Even now, with some of the fleet still racing there remain small battles continuing with boats that have been sailing together. Now after 80 days, there has been the resolution of the film. The climax played out last week as the sailors finished and the ranking decided. But we could never have predicted the outcome. The film has been a real cliffhanger!
The order the boats finished, is not how they sit on the leader board. Some people may feel conflicted about this, however with the rescue time compensation being decided back in December and the rescue incident itself taking place on the 30th and 31st November 2020, no one could have predicted that it would influence the overall standings to the extent that it has.
The sailors that have finished, have been asked about the time compensation and have all categorically supported the redress, agreeing that we need to support the unwritten law of the sea that a sailor goes to a fellow sailor’s aid if asked and when required. After all a sailor’s life was saved and it was a team effort that made that possible.
A search pattern in strong winds
The seamanship required to carry out a search pattern in strong winds and waves of the Southern Ocean is testing both physically and mentally. Jean Le Cam managing to locate the life raft and then carry out the recovery of Kevin Escoffier is outstanding and was rightly acknowledged by the President of France, Emmanuel Macron on a video call.
To manage an IMOCA slowly and under control in a sea state and wind is difficult, add to that the darkness and the fact that you are looking for a friend and the stress levels rise exponentially. Boris Herrmann and Yannick Bestaven even stated that it took them some time to get over the ordeal and get their mind back on the race again. It was an early decision from the International Jury, but I can understand why that was necessary. It avoids any unconscious bias when awarding the time, as they had no means of knowing the affect it would have on the overall rankings at the end.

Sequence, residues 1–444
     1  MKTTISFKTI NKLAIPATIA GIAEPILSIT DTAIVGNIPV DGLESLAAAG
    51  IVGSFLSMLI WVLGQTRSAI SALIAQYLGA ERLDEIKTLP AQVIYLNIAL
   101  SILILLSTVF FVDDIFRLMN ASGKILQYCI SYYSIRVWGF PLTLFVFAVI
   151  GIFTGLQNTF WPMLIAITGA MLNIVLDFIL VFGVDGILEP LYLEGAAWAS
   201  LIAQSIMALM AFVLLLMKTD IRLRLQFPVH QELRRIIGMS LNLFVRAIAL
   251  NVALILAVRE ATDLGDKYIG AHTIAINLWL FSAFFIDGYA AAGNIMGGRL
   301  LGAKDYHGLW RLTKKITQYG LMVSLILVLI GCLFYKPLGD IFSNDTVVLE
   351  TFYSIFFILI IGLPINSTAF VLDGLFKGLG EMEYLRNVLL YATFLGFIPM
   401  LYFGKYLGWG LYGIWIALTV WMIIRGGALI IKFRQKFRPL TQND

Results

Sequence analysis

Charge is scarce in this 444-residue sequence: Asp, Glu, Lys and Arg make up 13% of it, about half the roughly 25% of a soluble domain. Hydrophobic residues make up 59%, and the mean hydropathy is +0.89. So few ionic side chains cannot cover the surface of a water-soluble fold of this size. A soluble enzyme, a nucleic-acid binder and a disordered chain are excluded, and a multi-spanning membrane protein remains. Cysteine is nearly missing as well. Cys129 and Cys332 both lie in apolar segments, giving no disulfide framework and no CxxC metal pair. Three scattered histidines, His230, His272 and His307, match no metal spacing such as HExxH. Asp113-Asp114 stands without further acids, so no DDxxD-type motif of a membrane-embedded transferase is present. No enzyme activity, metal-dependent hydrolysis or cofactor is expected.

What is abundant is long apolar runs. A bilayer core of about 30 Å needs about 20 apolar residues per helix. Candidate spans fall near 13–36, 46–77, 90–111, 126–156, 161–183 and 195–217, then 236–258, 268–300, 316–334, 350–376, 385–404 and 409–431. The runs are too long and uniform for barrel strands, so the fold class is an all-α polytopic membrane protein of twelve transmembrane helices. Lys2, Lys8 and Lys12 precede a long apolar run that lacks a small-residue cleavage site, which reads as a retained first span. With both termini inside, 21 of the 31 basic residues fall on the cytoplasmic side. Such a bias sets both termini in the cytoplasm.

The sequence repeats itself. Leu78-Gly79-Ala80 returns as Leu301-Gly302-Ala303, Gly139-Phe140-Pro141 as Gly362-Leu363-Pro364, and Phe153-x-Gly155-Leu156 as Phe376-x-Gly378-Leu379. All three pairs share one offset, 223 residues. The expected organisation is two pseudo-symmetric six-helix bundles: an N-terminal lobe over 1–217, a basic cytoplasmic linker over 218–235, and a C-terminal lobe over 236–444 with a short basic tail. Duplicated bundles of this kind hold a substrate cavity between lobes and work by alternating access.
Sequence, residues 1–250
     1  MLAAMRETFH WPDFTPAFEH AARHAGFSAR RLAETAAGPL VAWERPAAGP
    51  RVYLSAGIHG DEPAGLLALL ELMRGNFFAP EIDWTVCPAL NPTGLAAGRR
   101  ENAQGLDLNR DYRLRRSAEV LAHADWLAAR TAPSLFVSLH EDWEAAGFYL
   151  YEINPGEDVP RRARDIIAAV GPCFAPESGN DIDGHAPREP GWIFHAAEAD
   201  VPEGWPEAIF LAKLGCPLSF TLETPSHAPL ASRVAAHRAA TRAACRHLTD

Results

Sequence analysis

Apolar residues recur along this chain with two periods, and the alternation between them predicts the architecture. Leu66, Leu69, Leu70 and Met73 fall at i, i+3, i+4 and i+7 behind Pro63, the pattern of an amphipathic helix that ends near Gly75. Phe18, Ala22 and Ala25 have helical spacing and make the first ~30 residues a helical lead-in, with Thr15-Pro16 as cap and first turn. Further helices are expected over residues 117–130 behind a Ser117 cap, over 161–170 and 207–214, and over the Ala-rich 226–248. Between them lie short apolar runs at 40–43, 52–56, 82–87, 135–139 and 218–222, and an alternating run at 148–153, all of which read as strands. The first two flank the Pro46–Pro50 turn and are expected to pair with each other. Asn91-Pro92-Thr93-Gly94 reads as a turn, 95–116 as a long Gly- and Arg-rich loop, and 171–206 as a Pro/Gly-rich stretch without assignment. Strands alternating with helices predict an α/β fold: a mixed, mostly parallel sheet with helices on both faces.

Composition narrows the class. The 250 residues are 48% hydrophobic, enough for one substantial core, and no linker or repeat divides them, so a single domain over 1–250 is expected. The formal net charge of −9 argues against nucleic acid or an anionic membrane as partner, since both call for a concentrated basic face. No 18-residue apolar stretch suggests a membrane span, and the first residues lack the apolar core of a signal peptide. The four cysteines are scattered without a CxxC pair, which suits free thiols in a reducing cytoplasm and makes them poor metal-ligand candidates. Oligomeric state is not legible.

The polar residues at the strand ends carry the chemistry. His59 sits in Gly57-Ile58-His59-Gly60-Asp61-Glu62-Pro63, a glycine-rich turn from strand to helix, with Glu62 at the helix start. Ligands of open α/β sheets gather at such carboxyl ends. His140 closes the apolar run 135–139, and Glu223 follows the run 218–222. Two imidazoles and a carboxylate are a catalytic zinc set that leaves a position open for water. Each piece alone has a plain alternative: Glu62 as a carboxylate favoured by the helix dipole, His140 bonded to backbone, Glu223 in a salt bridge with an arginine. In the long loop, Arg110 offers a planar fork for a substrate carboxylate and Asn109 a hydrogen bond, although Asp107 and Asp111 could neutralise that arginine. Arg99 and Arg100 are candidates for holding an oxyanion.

Advantage through technology?
From the start of the race, there was a discussion on the speed of the foiling boats against their older and presumed slower counterparts. The expectation was that records would be broken, and amazing speeds achieved. It is a fact that the new foiling boats are between 10% and 15% quicker than a standard daggerboard boat, but the sea state and angle of the waves has a big impact on these boats being able to be sailed at 100% of their potential.
The foiling boats were having to throttle back when the standard daggerboard boats could continue to push at 100%. I feel this race has possibly opened the eyes of any young sailors with aspirations to race in the Vendee Globe. Realising that it is not necessary to have the newest boat and the biggest budget to be competitive in the race.
Race favourites Alex Thomson with Hugo Boss and Jeremie Beyou with Charal, were both big budget campaigns and new boats topped to be race winners. Alex was out of the race before the first Great Cape and Jeremie was forced to return to the start and find the resolve and resilience to start again nine days after everyone else. Nicolas Troussel with Corum and Armel Tripon with L’Occitane en Provence were both launched late with little preparation time.
Nicolas was sadly dismasted at the Cape Verde Islands and Armel had rig issues which he stopped to fix off the Spanish coast causing him to miss a weather system that never allowed him to catch up in the race.
Sam Davies on Initiative Coeur and Sebastien Simon on Arkea Paprec were both forced to retire into Cape Town. Sam decided to complete the racecourse to continue her charity work raising funds to save children’s lives by providing much needed heart surgery in France. The leader board shows the array of boats clearly. In the top 8 boats that finished within 24 hours of each other, there are two new boats, four modified foiling boats built in 2015 from the last race and two daggerboard boats built in 2007.